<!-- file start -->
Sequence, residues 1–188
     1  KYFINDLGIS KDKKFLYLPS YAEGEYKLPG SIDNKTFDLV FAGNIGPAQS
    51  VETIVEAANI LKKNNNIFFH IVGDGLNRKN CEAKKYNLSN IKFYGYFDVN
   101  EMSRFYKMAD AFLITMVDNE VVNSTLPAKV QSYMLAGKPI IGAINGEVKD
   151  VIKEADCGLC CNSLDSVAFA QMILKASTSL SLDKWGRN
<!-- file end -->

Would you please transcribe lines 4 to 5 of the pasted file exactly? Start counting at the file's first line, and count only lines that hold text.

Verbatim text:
   101  EMSRFYKMAD AFLITMVDNE VVNSTLPAKV QSYMLAGKPI IGAINGEVKD
   151  VIKEADCGLC CNSLDSVAFA QMILKASTSL SLDKWGRN